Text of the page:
Christchurch city and its citizens to get rare bravery award

The city of Christchurch will receive a special bravery award after its response to March 15,...
The city of Christchurch will receive a special bravery award after its response to March 15, 2019, mosque attacks. Photo: Supplied
Christchurch city, and its citizens, are set to receive a rare bravery award for their response to the March 15, 2019, mosque terror attacks.

A ceremony on Friday night will see the city and citizens of Christchurch receive a representative Gold medal bravery award from the Royal Humane Society of New Zealand for their response to the shootings where 51 people were murdered.

It's the second time the people of Christchurch have received the award - the last one being presented in 2012 in recognition of the bravery shown by "persons known and unknown" during and following the deadly February 22, 2011, Christchurch earthquake.

President of the Royal Humane Society of New Zealand, Austin Forbes QC, says a Gold medal award is only given in exceptional circumstances.

"There have been only two Gold medal bravery awards awarded in the last 50 years, so the fact that the city and citizens of Christchurch are receiving the award for the second time in a decade is extraordinary.

"The Royal Humane Society believes this is a fitting tribute to the many people, known and unknown, who performed acts of bravery and humanity on that day in Christchurch.

"Many people acted selflessly to help their fellow citizens on that day and that is what this special award is in recognition of."

The Royal Humane Society's representative Gold medal will be presented at the launch of the Christchurch Invitation: Mahia Te Aroha on Friday night.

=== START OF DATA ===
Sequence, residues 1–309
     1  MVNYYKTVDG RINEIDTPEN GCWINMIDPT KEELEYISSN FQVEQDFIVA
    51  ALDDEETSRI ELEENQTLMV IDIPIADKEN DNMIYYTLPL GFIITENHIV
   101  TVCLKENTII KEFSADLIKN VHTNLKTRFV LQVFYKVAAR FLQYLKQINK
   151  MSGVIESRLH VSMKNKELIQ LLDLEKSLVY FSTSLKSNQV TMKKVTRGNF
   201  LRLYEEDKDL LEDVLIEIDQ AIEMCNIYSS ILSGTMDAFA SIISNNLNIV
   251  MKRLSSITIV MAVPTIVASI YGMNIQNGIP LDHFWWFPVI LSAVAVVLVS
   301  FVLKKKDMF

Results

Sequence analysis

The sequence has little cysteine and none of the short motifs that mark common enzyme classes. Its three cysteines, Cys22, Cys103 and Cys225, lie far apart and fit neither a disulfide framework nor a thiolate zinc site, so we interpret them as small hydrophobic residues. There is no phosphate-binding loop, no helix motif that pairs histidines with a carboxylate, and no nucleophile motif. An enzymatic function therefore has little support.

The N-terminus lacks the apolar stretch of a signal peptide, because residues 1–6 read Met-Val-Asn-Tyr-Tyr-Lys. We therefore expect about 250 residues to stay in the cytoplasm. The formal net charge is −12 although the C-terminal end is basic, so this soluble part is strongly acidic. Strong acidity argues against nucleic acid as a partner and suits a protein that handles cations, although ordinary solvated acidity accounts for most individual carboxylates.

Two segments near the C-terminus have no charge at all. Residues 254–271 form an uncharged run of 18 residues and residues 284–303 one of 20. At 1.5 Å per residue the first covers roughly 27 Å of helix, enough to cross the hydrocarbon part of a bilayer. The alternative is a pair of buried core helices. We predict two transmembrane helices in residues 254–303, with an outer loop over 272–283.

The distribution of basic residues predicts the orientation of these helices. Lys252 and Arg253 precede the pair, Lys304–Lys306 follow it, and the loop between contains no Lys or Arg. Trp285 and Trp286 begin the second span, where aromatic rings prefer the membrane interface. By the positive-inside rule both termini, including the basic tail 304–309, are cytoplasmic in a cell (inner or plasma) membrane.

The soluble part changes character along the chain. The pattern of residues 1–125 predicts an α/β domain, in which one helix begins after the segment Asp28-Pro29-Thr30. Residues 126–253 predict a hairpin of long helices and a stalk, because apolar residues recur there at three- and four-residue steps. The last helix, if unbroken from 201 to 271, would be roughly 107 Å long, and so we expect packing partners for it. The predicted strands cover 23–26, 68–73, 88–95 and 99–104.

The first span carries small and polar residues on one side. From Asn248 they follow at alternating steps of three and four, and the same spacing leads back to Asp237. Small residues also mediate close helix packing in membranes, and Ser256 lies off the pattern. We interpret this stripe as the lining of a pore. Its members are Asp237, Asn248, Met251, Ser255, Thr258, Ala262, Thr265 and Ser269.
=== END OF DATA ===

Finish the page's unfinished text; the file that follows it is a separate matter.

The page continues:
It will be one of seven representative Gold medal awards that will be presented on the night by the Governor-General and the society's patron, Dame Patsy Reddy, which is an unprecedented number of Gold medal bravery awards to be awarded at one time and in response to one event.

Christchurch Mayor Lianne Dalziel will receive the award on behalf of the city and citizens of Christchurch.

"It will be my honour to receive this award on behalf of the people of this city," she said.

"On March 15, 2019, our city was shocked to the core by the terrorist attack on members of our Muslim community at Al Nur Mosque and Linwood Islamic Centre at their time of prayer.

"This is an opportunity to acknowledge the members of the wider Christchurch community, including passersby and neighbours, who selflessly stepped in to save lives and to offer protection and support.

"We will never know all of the people who performed acts of heroism and humanity on 15 March 2019 and the days following, but this award from the Royal Humane Society of New Zealand honours each and every one of them."

Christchurch Invitation: Mahia Te Aroha has been developed by members of the Christchurch Muslim community as a way to ensure the extraordinary response of aroha, compassion and mutual support seen in Christchurch following the events of March 15, 2019 are harnessed.

Co-founder Anthony Green says the Christchurch Invitation aims to foster a more compassionate, stronger society where all of its members can feel safe.

"In launching this movement, we are seeking to celebrate the rich diversity of our shared humanity while confronting the causes of prejudice and hate.

"It recognises that every one of us has a part to play in shaping a better future that promotes kindness and understanding towards others, regardless of race or belief, and it will demonstrate how we can all do that through simple everyday actions and behaviours."

 

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